Gov. Mark Sanford said he was a broken man after admitting an extramarital affair in June, a revelation that required him to pick up the pieces of his administration and fend off efforts to remove him from office.
In the 100 days since he returned from his secret trip to Argentina to acknowledge his affair, Sanford's schedule shows - and observers agree - the Republican governor has turned his focus to the state's moribund economy.
But that new focus came only after weeks of vacations and apologies and a campaign to defend Sanford from questions about his use of state planes.
Sanford's response to the affair and investigations has done irreparable damage to his relationship with the public, communications and public relations experts say.
Sanford's relationship with the state's political class already was shattered after 6 1/2 years of conflict with the GOP-controlled General Assembly. Legislators view the two-term, lame-duck governor as irrelevant. Most want him to quit.
Even less hostile members of the public who have heard Sanford on his apology tour wonder if he has learned any lessons.
"He says it's all about the people of the state, and the tone comes across as it's all about Mark Sanford," Hartsville resident Bobby McGee said.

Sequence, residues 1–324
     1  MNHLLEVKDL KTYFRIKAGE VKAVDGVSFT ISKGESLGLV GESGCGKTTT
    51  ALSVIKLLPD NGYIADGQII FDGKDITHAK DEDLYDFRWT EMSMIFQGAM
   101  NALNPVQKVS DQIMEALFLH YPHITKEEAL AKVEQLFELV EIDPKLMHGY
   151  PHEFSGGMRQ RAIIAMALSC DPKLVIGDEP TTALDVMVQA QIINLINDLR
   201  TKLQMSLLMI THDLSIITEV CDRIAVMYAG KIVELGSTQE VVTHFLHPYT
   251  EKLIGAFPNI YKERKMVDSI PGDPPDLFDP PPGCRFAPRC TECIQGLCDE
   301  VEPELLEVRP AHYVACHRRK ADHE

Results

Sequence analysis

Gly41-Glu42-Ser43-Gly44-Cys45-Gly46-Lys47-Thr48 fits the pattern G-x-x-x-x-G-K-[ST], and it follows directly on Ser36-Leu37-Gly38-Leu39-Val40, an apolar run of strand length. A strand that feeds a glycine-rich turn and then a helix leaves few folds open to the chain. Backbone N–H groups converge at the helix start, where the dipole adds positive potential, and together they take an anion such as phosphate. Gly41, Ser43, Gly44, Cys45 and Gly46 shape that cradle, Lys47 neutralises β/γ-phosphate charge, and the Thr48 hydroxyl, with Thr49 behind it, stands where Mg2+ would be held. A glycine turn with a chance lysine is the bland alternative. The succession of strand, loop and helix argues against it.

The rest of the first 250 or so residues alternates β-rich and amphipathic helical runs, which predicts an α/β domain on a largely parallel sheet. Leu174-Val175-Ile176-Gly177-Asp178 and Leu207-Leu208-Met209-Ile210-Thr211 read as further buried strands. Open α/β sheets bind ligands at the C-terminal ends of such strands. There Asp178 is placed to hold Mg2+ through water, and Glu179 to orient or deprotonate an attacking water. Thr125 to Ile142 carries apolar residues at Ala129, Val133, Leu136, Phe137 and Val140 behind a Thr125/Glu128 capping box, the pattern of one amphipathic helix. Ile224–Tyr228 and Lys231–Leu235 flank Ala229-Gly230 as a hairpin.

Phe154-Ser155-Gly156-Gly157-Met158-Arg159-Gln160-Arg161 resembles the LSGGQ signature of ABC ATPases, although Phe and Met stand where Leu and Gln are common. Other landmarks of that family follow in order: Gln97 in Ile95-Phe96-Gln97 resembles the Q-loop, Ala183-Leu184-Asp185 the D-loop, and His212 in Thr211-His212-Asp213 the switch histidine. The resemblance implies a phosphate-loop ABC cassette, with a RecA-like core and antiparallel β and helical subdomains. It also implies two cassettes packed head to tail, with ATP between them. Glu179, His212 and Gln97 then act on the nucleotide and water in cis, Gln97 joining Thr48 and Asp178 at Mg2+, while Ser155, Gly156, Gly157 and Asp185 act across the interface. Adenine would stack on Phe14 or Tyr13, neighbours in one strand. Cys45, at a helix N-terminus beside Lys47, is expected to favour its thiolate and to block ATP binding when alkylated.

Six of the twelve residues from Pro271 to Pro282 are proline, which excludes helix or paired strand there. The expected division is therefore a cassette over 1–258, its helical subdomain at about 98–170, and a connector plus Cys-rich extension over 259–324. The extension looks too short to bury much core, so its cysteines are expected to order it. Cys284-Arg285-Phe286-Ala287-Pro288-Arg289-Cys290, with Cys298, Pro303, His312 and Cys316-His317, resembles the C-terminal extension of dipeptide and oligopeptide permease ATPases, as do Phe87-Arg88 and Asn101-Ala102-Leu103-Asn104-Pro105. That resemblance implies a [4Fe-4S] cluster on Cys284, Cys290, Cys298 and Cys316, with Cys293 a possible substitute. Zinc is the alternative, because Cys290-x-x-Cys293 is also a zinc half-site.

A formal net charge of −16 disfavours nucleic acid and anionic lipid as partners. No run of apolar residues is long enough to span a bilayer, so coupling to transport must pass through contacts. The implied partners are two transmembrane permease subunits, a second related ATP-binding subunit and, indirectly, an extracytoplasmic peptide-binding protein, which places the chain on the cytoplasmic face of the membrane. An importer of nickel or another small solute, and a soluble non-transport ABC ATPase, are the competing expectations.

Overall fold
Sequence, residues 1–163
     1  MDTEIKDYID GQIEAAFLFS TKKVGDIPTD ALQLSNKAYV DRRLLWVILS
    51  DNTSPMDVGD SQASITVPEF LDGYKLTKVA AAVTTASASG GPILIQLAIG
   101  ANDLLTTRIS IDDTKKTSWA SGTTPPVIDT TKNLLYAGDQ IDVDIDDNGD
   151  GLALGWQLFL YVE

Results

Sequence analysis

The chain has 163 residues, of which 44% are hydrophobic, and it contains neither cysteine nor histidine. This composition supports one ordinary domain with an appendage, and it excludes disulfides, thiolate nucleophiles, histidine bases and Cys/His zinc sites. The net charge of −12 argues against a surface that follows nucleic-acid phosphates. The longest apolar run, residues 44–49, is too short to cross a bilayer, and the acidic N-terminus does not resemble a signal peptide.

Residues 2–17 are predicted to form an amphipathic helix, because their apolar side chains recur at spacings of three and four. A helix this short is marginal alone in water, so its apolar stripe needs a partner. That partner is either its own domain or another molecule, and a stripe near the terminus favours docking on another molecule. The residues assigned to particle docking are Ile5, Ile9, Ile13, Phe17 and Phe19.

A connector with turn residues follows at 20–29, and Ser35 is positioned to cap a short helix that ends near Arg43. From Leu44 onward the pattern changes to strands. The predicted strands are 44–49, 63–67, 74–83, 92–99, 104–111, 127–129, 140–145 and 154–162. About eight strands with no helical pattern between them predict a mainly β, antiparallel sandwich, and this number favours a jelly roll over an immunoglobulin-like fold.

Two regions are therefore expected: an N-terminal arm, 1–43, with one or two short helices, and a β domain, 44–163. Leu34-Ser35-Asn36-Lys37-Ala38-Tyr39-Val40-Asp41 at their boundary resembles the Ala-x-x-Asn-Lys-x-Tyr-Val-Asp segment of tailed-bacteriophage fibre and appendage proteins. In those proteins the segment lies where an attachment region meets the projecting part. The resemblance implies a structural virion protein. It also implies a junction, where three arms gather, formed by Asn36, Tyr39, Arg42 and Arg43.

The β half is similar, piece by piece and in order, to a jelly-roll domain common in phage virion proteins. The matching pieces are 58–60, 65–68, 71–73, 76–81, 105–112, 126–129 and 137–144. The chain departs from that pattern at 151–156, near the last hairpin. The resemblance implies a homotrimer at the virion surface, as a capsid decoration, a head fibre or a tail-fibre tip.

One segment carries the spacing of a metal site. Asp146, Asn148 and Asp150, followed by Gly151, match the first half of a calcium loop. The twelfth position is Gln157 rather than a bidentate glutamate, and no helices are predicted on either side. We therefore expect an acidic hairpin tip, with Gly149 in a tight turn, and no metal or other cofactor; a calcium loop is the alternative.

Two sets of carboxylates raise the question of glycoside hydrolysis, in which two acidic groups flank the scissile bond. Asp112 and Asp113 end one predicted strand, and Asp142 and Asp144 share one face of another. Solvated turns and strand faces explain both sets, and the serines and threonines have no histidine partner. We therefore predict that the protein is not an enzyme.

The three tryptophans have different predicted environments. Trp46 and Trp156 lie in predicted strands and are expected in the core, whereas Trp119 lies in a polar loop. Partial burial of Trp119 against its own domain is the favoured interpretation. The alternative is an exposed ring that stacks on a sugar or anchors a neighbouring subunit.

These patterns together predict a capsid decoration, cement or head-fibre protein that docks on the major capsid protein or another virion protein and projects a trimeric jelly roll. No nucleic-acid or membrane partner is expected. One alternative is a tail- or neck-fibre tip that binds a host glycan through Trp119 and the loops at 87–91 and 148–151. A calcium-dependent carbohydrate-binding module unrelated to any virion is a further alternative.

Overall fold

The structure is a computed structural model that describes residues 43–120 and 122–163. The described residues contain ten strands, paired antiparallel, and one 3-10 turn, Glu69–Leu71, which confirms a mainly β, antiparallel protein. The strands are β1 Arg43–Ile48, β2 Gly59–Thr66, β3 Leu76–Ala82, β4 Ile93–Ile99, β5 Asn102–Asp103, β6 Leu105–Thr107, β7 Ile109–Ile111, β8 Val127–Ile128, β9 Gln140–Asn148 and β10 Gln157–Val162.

"He thinks it's a friendly venue. It's a lot easier than working, talking to these folks. I just don't think he's planted enough seeds and cultivated them."
Sanford declined an interview request for this story. But his office says the governor is looking to the future.
"The governor has been and continues to be dedicated to moving our state forward, and our efforts on this front over the past months have met with real success," spokesman Ben Fox said in a written statement.
PLANT COULD BAIL OUT SANFORD
What has Sanford done over the last 100 days?
- He has been on out-of-state trips or vacations a fifth of the time.
- He has spent another 16 days traveling the state to speak to civic and community groups, generally opening his speeches with an apology.